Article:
This is not the end of his capability, though, as Gort is shown acting on his own, both to protect Klaatu from harm and to free himself from encasement in a block of plastic. Gort can operate complex machinery, is both the pilot and captain of the ship that delivers Klaatu to Earth – all of his "race" have similar ships that they use to patrol the planets. Unarmed, Gort is in fact armed with a laserlike weapon, projected from beneath a visor on his head. While the weapon can vaporize any physical object, its effect is variable at Gort's discretion, is precise enough to destroy a single object without harming anything around it. In its first onscreen use, it vaporized several soldier's guns from their hands while not harming the soldiers at all, seconds was used to vaporize tanks and artillery without harming their occupants or any surrounding objects. Gort is continually aware of Klaatu's physical condition and location without Klaatu needing to wear a tracking device of any sort. Gort is not known to be damageable by any means available to mankind, can – despite resistance – destroy the Earth itself if he is sufficiently provoked.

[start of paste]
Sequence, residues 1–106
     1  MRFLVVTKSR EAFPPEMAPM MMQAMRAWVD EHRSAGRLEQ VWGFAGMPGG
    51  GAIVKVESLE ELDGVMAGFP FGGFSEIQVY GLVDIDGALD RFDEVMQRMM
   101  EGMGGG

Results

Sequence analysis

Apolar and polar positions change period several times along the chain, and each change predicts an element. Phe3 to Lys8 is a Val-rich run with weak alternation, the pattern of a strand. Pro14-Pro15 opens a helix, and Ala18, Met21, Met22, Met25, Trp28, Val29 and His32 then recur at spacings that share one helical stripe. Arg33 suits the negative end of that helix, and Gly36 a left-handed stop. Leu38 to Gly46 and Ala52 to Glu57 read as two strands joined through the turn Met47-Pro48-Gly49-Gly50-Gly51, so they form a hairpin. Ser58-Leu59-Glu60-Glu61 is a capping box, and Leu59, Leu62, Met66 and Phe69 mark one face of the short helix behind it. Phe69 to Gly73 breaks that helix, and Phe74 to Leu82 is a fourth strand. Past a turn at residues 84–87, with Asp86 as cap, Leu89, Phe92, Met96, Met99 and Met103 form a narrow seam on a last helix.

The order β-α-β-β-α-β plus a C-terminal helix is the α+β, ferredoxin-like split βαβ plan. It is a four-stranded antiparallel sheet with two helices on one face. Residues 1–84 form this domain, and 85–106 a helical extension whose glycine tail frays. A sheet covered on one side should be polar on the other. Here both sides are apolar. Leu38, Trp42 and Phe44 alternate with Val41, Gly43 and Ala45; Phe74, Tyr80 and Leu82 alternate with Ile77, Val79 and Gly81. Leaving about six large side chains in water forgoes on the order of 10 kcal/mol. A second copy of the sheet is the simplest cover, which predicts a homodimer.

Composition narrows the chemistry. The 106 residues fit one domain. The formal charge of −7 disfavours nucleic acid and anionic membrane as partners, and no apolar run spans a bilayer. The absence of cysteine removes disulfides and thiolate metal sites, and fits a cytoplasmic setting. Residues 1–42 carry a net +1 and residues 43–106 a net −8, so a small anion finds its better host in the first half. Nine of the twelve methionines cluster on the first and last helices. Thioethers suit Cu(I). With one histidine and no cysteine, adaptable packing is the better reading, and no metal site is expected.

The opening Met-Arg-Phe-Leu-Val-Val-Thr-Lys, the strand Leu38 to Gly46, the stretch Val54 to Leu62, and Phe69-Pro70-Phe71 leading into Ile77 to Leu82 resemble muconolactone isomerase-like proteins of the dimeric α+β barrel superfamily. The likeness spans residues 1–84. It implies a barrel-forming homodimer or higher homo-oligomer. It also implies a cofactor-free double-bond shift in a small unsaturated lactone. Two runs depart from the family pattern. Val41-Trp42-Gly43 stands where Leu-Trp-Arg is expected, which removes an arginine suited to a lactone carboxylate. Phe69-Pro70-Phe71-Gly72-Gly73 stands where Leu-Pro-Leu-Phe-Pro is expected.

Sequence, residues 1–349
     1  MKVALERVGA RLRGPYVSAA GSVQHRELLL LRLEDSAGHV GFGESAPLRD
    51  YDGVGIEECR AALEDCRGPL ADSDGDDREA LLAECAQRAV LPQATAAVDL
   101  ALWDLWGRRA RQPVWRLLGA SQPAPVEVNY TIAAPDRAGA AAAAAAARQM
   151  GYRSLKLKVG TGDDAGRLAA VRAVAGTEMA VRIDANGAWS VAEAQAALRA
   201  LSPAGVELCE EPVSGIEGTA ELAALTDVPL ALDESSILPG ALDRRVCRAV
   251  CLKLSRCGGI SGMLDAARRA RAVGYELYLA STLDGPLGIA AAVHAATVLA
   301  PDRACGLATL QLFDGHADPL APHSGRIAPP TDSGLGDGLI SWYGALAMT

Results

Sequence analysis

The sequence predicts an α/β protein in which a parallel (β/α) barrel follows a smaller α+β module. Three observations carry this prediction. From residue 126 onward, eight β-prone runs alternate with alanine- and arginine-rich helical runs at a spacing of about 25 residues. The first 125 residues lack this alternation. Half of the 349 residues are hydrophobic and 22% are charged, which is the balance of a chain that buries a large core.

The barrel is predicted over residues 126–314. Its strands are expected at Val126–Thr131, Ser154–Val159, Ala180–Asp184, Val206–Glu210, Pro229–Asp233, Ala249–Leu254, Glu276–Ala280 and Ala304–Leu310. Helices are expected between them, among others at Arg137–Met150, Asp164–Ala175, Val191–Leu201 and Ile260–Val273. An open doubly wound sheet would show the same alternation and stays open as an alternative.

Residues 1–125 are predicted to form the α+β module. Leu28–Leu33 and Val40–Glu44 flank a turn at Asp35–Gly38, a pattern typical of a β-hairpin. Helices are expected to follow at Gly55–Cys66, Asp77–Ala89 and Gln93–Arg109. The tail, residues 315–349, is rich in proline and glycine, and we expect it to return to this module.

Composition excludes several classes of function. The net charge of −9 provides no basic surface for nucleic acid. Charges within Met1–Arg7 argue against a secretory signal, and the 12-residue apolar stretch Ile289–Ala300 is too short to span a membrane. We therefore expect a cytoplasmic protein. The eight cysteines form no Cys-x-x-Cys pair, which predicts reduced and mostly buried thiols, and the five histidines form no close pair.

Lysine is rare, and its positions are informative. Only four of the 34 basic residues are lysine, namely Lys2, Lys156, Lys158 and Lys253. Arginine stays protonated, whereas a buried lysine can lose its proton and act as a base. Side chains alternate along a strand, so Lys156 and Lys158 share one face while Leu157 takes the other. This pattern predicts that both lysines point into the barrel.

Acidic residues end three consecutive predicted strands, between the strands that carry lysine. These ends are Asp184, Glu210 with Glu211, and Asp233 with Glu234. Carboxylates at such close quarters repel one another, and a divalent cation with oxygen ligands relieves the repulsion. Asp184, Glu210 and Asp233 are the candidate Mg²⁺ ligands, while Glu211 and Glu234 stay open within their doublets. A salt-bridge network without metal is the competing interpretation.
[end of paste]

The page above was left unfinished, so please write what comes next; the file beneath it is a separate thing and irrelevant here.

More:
During most of the film, Gort remains motionless in front of his ship, which rests in a baseball park in central Washington, D. C. near the White House. Scientists and military researchers attempt to examine both the ship, he was portrayed by seven-foot, seven-inch -tall actor Lock Martin wearing a thick foam-rubber suit designed and built by Addison Hehr. Two suits were created, fastened alternately from the front or back so that the robot would appear seamless from any angle in the completed scenes. A fiberglass statue of Gort was used for the close-ups of the firing of his energy beam weapon or when a scene did not require that he move. To maximize the height of the robot, the Gort suit was made with lifts in the boots. Martin could see forward through the suit's visor area during certain shots, air holes were provided for him under the robot's wide chin and jaw, these can be seen in several close-ups of Gort's head. The